This sounds like there are some teeth missing on the flywheel. If the bad spot is positioned over the starter gears, the starter will just spin but if it catches on a good part, it will turn the engine over fine.
Just what the previous answer said. You have some teeth missing on your flywheel. There is probably nothing wrong with any of your starters.
If you have a manual tranny, just put the car in gear and try to push it forward until you fill the flyweel engage with the starter. The car should start then. My 1986 Ford aerostar had the same porblem as stated above and this was an easy solution until I had the time and money to fix it correctly.
Sometimes it will just make a clicking noise when you turn your key but the starter will not engage. Sometimes it will just make a grinding noise and not engage. Sometimes it will crank your motor much more slowly than usual as if your battery was dying. This will continue to get gradually worse until nothing at all happens when you turn your key.
Corroded battery terminals, defective battery, or starter.Corroded battery terminals, defective battery, or starter.
What do you mean when you say it doesn't engage? Is the starter spinning but just doesn't catch to spin the engine? IF that's the case it could be as simple as a loose starter or as bad as a damaged flex plate/flywheel. But it would most likely be the starter.
sounds like your in the market for a starter.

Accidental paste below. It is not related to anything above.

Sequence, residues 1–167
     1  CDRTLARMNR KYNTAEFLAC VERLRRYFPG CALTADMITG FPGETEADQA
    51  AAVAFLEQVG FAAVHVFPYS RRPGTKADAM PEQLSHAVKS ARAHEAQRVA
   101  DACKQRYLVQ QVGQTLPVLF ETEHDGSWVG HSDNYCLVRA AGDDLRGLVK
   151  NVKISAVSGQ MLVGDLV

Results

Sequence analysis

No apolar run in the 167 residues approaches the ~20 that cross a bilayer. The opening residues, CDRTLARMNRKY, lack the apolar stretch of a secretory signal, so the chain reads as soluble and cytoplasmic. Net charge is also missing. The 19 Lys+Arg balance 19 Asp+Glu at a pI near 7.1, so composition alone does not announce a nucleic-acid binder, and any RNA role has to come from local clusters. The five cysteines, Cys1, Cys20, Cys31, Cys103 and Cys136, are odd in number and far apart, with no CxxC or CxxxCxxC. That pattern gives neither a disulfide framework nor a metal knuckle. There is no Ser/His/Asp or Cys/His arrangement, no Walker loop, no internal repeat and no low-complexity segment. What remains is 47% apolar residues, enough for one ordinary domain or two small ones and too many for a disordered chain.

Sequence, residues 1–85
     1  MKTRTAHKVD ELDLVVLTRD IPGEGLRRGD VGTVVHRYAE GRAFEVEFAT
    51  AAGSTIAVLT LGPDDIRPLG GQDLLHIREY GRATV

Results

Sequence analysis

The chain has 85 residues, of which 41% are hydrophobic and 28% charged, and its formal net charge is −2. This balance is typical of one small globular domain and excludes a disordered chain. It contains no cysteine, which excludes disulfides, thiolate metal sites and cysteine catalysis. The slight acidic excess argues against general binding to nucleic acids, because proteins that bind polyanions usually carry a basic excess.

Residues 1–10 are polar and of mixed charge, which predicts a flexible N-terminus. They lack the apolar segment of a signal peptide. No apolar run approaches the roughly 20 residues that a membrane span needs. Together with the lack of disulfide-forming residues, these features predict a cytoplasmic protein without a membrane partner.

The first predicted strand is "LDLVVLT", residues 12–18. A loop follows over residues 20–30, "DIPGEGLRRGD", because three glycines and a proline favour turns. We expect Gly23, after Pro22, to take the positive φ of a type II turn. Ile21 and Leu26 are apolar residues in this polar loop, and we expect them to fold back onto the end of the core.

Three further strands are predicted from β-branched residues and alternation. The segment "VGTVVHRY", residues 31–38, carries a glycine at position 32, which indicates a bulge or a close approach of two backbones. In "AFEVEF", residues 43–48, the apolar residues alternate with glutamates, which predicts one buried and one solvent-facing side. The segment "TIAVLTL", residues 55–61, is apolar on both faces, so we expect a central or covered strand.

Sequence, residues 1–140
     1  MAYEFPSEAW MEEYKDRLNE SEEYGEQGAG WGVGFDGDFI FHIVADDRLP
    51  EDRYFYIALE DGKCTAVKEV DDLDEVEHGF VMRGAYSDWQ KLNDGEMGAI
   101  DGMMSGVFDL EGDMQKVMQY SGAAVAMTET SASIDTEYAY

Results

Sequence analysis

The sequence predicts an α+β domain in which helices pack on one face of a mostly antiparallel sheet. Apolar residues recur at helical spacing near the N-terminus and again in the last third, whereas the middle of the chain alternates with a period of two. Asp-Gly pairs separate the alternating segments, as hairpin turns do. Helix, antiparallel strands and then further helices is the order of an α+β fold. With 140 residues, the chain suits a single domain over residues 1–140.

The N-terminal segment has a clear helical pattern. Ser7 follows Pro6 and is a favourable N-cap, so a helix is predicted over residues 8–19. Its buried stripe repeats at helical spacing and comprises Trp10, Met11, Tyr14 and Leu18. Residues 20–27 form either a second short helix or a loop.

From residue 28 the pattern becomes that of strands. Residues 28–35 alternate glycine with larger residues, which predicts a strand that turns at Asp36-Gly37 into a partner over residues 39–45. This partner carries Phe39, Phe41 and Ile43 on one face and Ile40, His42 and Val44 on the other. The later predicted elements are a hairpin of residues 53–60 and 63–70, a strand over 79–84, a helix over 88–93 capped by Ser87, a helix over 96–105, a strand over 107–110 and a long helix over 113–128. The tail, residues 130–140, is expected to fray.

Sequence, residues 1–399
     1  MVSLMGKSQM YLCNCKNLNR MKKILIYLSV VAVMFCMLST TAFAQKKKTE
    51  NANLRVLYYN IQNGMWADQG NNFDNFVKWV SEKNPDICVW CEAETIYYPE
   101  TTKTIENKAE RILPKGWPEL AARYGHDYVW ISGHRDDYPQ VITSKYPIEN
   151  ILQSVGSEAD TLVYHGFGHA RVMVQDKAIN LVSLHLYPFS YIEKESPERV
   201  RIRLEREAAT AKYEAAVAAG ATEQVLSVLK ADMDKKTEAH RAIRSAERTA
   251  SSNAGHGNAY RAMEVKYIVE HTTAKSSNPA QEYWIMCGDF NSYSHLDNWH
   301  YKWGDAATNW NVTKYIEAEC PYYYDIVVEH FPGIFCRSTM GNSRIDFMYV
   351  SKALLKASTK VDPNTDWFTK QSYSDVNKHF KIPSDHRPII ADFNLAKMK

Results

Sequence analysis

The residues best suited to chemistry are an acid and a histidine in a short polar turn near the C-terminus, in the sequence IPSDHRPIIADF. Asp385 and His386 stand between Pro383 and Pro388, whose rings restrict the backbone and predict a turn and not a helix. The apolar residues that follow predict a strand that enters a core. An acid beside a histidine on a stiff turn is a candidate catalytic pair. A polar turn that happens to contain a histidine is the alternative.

Assuming the starter motor spins but doesn't engage to turn engine over to start you could have a bad starter drive which is part of the starter assembly or possibly damaged/missing teeth on flywheel ring gear. Depending on year and model vehicle, some starters you can replace just the starter drive otherwise you need to replace the whole starter.
It can be a defective starter assembly that causes this problem. There are two parts to a starter assembly: the starter motor and the starter solenoid. The offending culprit is usually the starter solenoid, and it should be replaced.
Most often it is the starter and not the ignition.
Typically, just about everything except the starter. But then the starter solenoid works off the keyswitch, so the starter won't engage if the fusable like is bad.
if it bolts on the starter assembly you are probably talking about the starter solenoid. basically its what makes the starter engage. if its a sensor that just bolts near the starter it could be anything from a crank position sensor to a knock sensor.
All parts are not created equal sometimes, apparently you just got a defective tensioner, it should still be under warranty.
If the starter 'just spins' it is usually because of a faulty starter drive; sometimes called the starter bendix.It can also be caused by a starter that is tired and no longer has the power to 'throw' the drive against the flywheel. In any case you will need to replace the starter.Price out a low-mile used one from a salvage yard vs a rebuilt one from an auto parts store. I hope this helps you. Mark
If the starter just spins and does not engage then you have low battery or a stuck 'bendix' on the starter. -Running hot is a separate problem that may happen for any number of easons.
Provided the starter drive is not spun, one of the following areas is probably at fault. A weak battery A poor, or loose connection (at battery, or solenoid / starter). Dirty or rusted starter drive splines. Possibly, but not probable, a faulty starter.